Penn’s Center for Bioethics recently announced the beginning of an 18-month project to examine the field of vaccine development and use, and propose an ethical framework to help guide researchers, pharmaceutical companies, public-health agencies, health-care providers, and citizens regarding vaccines and their safe, effective, and ethical use.
A team of physicians, public-health officials, academics from Penn and other institutions, media representatives, and others are beginning deliberations to lay the groundwork for the project.
“Just as Hurricane Katrina uncovered a number of very unacceptable realities associated with our nation’s preparedness and our response to the poorest of our citizens, the prospect of an avian flu pandemic—and it is still a prospect—is bringing into sharp focus where we need to prioritize our energies in terms of the ethics around the role of vaccine in global public health,” said Dr. Arthur Caplan, director of the Center and chair of the department of medical ethics at the medical school.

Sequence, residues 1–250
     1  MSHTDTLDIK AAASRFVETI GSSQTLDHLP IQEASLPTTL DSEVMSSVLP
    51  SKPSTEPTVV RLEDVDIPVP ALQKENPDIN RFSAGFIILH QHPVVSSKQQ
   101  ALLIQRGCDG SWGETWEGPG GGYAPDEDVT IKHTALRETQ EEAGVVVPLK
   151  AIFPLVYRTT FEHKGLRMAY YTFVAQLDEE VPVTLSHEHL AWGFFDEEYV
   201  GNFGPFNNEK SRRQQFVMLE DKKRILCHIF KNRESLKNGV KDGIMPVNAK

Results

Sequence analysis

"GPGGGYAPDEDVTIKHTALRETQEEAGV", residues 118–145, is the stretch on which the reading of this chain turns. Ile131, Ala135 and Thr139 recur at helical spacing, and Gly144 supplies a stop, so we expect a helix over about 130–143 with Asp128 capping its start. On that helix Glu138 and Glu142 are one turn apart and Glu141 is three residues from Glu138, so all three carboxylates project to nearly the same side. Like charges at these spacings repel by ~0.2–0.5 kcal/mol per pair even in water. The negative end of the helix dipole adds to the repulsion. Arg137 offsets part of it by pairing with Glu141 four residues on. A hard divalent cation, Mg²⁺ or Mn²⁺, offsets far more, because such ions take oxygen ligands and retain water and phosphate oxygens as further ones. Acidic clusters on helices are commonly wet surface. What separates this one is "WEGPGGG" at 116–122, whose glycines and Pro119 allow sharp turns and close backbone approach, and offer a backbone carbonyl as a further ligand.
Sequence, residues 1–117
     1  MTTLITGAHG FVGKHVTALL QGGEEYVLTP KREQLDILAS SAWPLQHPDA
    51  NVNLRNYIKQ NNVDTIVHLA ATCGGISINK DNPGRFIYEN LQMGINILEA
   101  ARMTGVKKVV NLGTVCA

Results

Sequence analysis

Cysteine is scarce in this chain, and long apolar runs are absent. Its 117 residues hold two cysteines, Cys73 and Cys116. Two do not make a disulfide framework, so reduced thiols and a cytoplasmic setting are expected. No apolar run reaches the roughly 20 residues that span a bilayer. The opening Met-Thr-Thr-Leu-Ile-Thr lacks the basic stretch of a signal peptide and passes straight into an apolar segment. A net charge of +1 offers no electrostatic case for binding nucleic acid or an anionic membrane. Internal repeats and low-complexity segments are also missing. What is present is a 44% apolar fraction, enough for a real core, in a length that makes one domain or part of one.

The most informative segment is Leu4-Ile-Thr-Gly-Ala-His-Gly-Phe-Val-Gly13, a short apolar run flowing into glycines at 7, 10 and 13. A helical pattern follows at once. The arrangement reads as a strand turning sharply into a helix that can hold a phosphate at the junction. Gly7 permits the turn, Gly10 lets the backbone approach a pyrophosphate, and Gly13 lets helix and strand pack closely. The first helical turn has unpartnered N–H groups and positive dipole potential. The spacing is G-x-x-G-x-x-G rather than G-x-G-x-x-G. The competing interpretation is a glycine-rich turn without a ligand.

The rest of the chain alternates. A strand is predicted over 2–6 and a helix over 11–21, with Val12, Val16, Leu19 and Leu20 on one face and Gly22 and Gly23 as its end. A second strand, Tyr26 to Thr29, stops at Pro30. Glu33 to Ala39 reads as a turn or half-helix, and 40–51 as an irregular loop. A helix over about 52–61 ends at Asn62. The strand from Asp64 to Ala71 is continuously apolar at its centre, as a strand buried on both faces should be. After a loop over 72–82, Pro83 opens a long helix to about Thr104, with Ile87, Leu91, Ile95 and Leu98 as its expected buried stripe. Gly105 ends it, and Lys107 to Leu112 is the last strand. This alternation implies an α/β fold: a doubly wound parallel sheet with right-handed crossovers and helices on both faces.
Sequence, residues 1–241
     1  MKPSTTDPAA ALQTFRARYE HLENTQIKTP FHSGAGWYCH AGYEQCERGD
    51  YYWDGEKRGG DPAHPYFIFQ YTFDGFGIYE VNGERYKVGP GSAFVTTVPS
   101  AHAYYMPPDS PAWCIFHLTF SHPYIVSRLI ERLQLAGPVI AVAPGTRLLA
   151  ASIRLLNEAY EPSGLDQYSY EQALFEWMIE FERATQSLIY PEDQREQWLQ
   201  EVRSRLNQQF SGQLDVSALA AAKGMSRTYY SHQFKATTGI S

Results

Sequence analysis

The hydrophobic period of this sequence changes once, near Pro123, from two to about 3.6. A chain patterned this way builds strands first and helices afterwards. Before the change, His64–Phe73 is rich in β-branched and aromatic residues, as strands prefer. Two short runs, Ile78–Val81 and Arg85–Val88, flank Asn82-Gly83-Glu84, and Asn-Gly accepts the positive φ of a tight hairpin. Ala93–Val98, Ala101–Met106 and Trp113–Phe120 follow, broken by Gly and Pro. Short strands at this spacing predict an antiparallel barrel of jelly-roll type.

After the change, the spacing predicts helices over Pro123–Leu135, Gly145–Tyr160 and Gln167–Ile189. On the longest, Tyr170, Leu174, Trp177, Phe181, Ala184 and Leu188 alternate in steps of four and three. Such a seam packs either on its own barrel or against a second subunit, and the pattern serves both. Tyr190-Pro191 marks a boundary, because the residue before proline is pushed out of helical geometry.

“Our goal is to develop a robust ethical framework to help move this area of our public-health infrastructure forward,” noted Dr. Caplan.
The record of accomplishment in the vaccines field is extraordinary—and vaccines will obviously continue to play a significant role in reducing or eliminating infectious disease globally. “But the headlines, editorials, and talk-show analyses on the ‘avian flu pandemic’ underscores the long-overdue need to develop a supporting and coherent ethics framework around vaccines,” said Dr. Caplan. “After monitoring the global vaccines field for the last year, the Center received initial funding to launch a series of interdisciplinary seminars to engage the issues around the ethics of vaccines.”
For information see www.bioethics.upenn.edu/vaccines/?page Id=1.